By Rod Haxton, The Scott County Record
With a diploma in hand, you are about to discover how much you thought you knew about the real world and how little you actually know.
There’s no need to feel bad. This is a road that each of us has traveled down. The only question is how quickly we realize this hard truth . . . if at all.
And in no way are we implying that your teachers, coaches and others haven’t done their job. In fact, we have nothing but high praise for our public education system.
It must be remembered, however, that this was only a foundation on which to build.
As an athlete, think back on the coaches who pushed you to go beyond your pain threshold, beyond what you felt your body was capable of doing. Until an athlete is willing to step outside their comfort zone they will never realize their full potential.
The same is true of the way we think and in how we view life.
We can refuse to challenge ourselves mentally, to accept things as they are now with the assumption they won’t change – or shouldn’t change. We can deny facts, or worse yet believe there are “alternative facts,” in an attempt to explain away things we don’t want to understand.
Or we can approach life with an open mind, a desire to learn and a willingness to accept change.
This generation has never-before-seen opportunities to learn about life, different cultures and interact with people in a way that was unimaginable just a generation ago. We have never enjoyed greater opportunity to bridge cultural gaps and gain a deeper understanding of each other.
But change doesn’t come easily. We are creatures of habit who prefer that things be a certain way. We don’t want disruptions in our routine or feel forced to accept new “norms” – even if it’s in our own best interest.
We once refused to wear a seat belt because it was our belief that the government had no place infringing upon what we felt was a personal choice. We resisted, even as we knew of friends who were seriously injured or paralyzed as the result of a vehicle accident in which they chose not to wear a seat belt.
Today, we wouldn’t think of traveling out of town without our seat belt fastened.
We learned. We adapted.
As a youngster, it was common to hear racial slurs, even among some family members. When you don’t grow up with a minority population in your school or community, one imagines those words are harmless because they don’t apply to anyone we know.
In time, we realized that minorities didn’t have to be within our communities for such language to be offensive and hurtful – that if we didn’t challenge people who thought such slurs were acceptable then we were no better.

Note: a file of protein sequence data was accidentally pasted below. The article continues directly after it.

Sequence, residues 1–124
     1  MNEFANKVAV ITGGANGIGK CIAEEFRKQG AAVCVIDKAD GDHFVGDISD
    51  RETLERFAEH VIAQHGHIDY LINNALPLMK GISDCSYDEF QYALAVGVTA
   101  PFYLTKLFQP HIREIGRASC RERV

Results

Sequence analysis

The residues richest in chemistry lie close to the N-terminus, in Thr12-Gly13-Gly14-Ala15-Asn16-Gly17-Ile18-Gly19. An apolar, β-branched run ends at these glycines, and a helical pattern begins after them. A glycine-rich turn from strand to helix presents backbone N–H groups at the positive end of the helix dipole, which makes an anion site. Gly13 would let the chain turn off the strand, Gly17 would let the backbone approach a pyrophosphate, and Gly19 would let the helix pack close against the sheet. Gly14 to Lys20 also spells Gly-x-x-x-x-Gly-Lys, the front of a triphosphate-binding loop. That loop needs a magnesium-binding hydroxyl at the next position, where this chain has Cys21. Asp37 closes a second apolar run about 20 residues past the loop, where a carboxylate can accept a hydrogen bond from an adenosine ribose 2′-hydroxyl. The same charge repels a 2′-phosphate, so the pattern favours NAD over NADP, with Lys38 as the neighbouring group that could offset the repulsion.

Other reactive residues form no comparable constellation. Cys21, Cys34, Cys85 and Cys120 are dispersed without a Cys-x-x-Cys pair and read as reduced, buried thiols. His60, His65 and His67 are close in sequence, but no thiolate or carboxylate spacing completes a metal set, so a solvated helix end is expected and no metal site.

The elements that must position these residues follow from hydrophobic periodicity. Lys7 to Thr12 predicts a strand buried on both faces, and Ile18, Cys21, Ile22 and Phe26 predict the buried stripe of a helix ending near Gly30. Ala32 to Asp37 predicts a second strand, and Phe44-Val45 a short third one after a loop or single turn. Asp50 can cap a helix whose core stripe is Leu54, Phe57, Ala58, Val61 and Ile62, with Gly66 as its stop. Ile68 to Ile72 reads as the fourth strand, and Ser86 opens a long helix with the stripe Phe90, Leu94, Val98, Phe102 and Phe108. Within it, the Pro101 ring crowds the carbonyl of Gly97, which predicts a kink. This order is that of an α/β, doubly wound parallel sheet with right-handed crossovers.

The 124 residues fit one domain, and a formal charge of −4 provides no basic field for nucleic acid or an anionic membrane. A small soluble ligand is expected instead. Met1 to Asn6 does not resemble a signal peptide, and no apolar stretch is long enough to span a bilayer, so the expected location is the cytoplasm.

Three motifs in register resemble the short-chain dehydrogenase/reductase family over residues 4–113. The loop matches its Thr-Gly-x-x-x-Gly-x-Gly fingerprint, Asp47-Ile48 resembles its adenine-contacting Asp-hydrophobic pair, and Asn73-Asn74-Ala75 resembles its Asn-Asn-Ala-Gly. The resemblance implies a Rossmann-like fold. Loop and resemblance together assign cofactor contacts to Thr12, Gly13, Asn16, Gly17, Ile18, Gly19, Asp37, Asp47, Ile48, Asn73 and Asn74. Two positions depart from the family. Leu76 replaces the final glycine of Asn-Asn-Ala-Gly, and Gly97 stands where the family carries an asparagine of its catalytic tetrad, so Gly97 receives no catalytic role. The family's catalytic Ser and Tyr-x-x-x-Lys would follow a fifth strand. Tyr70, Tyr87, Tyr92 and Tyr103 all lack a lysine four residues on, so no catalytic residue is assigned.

We learned. We adapted.
Unfortunately, we were a little slower to accept the growing awareness of lifestyle choices until faced with a family member who came out as gay.
It shouldn’t take a close relationship for something this personal to have meaning, but only then did we finally begin to understand.
We continued to learn. We adapted.
And yet, here we are in the 21st Century and people believe they can turn back the clock to a so-called “simpler time” – that there is something to be gained by ignoring reality and refusing to accept those things, or people, that make some of us uncomfortable.
Stereotypes about certain types of people and ethnic groups became so ingrained in our thinking through popular cartoons or even Dr. Seuss that we didn’t realize the effect it was having. We’ve come to accept a certain way of thinking because it’s always been that way.
Change can be difficult, sometimes controversial, whether it’s allowing people of different races to sit at the same lunch counter, share the same classroom or use the same water fountain. The problem isn’t with acknowledging our past but in refusing to make it part of the conversation so we can assure these same mistakes are never repeated.
For generations, we believed the only way to be raised in this nation was as a heterosexual, Anglo-Saxon Christian. Holding that belief made it easier to accept minorities as second-class citizens.
It offered an excuse for separating hundreds of thousands of Native American children from their families and placing them into boarding schools for the sole purpose of erasing their culture from existence. It allowed us to force the LGBTQ community into the shadows because they were seen as deviants who didn’t belong among normal people.
As we belatedly acknowledge our past and try to make amends for our shameful treatment of others, there are those who continue to resist. They are waging a cultural war in our public schools, trying to prevent the teaching of history which portrays us as not-so-exceptional and banning books which can help young people understand there is no one-size-fits-all definition of normal.
If our education system has functioned as it should, as a student you’ve been made to feel uncomfortable on numerous occasions – whether it was the time in kindergarten when you had to lead your class to the lunchroom, or you had to deliver your first speech for a forensics tournament or a coach turned to you during a huddle with 15 seconds left in the game and said, “You’re going to take the winning shot.”
When we are forced out of our comfort zone, we grow as an individual.
It’s okay to be uncomfortable. Determine what feels normal for you and accept what others decide is normal for them.
Above all, learn from the past. Adapt.
You’ll be a better person for it.
Editor’s note: Rod Haxton is editor and publisher of The Scott County Record in Scott City.